- Get back on your bike and enjoy your (for now) shiny new tire!
Watching a video or seeing pictures probably makes this all seem simpler; the other answers provided links to these resources. Bonus: More information that you'll ever need to know about tires and how to replace them: What Every Cyclist Should Know About Flat Tires
Just go grab yourself a tube repair kit. They usually come with a few patches, some rubber cement, and something to scuff up the rubber of the tube. Next, scuff up the tube around the puncture so that the cement can stick. Apply the cement around the puncture and make sure to let it dry. Then put the patch on and apply plenty of pressure for about a minute or so.
Go buy yourself a repair kit for about £5-6 pounds. These would include the following:
1) Tyre levers - something to remove the tyre !! 2) Repair patches 3) Emery cloth - To roughen up the tube surface. 4) Tube of glue.
If you haven't got quick release wheels, make sure you take something to undue the wheels nuts. I learnt this the hard way when I first started riding my fixed wheel.
I find that the easiest way to deal with this problem is to just carry a spare tube around with you so you can quickly get back on the road. Then you can patch the punctured tube when you get home. You are also covered in cases where the tube cannot be patched, like if the valve itself breaks.
Regardless of whether you choose to patch or just replace the punctured tire, you should definitely feel and look for sharp objects along the inside and outside edges of the tire before inflating the new tube inside the tire. Just yesterday I had a flat which was caused by a small piece of glass which I could not feel on the inside of the tire, as it was just barely poking through from the outside. Very often, the object which caused the flat may be embedded somewhere in the tire, and if you don't properly remove it, you'll find yourself fixing another flat tire very quickly.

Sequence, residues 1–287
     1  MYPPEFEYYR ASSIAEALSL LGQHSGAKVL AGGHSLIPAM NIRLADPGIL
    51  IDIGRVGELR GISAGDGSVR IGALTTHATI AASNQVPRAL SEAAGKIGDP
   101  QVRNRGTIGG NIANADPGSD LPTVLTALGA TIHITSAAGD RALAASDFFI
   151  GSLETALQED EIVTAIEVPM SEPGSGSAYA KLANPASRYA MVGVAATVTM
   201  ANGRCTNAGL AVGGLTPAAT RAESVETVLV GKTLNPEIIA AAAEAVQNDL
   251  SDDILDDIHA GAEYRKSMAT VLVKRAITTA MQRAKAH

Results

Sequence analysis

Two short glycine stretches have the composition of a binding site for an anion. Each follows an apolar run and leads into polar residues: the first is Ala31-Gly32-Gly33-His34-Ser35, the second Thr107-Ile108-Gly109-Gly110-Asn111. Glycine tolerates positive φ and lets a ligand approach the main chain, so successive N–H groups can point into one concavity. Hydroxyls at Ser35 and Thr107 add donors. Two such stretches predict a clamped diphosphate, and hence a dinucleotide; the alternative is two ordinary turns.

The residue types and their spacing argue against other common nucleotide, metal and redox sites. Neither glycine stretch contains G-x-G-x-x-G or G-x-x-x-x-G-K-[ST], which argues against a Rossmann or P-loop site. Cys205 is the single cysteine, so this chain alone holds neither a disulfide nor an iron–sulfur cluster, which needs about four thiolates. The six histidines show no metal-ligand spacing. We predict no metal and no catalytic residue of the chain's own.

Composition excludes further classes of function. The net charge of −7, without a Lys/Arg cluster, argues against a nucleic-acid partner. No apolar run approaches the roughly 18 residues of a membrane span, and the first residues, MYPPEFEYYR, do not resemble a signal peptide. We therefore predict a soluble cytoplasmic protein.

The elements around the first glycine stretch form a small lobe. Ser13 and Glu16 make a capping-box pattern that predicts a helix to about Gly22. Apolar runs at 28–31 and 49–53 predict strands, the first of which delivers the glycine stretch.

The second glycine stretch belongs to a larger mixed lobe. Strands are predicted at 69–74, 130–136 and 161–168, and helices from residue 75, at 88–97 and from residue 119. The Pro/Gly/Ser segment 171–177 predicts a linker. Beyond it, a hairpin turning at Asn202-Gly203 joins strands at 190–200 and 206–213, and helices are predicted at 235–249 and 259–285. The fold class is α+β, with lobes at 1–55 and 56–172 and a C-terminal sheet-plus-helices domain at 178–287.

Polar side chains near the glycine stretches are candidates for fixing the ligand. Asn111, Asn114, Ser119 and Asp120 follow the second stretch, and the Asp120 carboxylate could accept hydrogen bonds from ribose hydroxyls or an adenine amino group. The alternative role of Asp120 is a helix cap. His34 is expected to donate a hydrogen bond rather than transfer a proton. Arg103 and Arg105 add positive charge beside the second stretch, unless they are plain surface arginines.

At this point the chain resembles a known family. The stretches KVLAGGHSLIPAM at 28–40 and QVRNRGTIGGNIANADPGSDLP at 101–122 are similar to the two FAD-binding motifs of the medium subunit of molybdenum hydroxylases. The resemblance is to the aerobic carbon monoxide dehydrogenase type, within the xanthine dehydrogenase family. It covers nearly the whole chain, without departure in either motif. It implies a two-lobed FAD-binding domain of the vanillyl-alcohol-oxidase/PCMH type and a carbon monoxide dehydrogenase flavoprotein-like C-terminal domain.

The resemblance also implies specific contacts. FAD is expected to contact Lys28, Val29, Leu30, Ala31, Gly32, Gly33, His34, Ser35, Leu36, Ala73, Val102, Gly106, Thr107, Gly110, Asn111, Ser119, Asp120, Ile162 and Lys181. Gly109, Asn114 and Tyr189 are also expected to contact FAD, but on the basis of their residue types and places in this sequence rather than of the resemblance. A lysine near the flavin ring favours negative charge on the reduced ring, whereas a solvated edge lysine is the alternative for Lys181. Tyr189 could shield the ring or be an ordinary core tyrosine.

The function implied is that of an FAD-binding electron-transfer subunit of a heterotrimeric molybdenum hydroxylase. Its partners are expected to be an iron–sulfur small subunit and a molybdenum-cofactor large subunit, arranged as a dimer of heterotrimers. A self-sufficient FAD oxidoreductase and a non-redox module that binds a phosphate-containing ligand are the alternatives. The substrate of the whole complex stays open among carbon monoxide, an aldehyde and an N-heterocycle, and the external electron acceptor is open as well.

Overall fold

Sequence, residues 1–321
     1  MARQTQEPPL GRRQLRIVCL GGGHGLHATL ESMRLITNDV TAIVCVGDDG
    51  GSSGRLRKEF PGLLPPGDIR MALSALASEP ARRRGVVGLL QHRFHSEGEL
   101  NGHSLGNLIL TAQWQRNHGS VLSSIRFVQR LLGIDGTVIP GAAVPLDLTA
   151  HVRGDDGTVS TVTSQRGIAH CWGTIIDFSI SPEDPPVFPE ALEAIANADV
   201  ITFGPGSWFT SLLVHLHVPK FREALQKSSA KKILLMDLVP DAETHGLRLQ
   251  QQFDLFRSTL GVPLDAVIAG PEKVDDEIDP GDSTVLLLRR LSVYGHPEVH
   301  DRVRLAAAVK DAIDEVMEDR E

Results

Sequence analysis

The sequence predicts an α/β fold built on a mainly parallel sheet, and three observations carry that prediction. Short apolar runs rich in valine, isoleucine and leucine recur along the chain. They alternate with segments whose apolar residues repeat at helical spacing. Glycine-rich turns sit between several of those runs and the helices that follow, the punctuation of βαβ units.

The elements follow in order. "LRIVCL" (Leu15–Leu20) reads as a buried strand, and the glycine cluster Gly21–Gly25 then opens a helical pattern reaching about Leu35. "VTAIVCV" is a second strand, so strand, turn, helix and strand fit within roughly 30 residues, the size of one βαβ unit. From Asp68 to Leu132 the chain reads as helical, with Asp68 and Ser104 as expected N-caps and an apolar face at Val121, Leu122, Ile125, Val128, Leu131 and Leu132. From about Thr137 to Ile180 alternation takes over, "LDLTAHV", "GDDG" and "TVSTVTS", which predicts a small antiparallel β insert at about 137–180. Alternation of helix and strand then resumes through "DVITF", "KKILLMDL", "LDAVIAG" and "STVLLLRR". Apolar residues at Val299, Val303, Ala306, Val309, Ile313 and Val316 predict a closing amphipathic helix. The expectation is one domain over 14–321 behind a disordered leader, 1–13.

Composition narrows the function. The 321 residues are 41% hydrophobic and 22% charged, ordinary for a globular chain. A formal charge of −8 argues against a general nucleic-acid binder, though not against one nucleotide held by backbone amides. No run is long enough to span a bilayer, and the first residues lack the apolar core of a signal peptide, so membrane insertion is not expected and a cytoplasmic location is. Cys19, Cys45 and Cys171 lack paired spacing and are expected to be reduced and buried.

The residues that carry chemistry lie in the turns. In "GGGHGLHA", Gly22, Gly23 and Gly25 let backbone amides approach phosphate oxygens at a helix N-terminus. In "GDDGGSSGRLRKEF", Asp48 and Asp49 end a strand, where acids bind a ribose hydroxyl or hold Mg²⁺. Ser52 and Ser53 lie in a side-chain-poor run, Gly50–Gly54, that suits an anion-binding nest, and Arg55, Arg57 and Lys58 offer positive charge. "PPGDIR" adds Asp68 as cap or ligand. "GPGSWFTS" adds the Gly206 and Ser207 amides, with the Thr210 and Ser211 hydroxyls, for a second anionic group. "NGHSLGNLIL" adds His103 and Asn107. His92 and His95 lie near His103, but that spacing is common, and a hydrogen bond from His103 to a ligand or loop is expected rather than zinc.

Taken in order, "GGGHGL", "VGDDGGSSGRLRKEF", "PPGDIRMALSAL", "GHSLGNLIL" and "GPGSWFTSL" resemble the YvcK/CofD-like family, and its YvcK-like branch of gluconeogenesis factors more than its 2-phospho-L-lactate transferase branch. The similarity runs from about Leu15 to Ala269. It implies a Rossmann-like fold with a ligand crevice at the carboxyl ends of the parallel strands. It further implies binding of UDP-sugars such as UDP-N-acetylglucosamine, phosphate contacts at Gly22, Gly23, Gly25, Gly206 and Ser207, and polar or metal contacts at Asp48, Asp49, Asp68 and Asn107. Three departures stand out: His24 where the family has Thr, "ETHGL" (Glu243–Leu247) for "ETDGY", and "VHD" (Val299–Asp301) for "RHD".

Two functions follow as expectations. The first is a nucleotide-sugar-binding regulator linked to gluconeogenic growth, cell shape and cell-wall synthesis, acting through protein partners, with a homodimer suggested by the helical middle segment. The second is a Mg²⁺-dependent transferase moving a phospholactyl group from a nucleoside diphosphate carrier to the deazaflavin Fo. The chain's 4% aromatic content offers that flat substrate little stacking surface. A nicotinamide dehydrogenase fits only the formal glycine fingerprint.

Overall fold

I really recommend the park tool glueless 'Super Patch' - so much less faff, and all you need to carry are the tyre levers and the patches. No cementing, no sandpapering, you just stick it straight on. It Just Works.
(Disclaimer, I've chucked my amazon associate tag in that link. I do not work for amazon or Park tool.)
My answer to flat tires was pretty simple. I added a bottle of Joe's No Flat into each tire (tube). I have been flat free for at least six months and about 3-4,000kms. Sort of a minor miracle of sorts. I live and ride in Thailand and the surrounding countries which all suffer from lots of sharp trash, glass, thorns, nails etc along the highways just waiting to puncture a bike tire. I have Shrader valves in my tires which makes installing the sealant easy as you can remove the valve core and just squeeze in the liquid sealant. Presta valves present a bigger problem as you cannot normally remove the valve core. My solution to this dilemma would be to replace the tube with a Shrader valve and drill out the rim to accept the larger valve.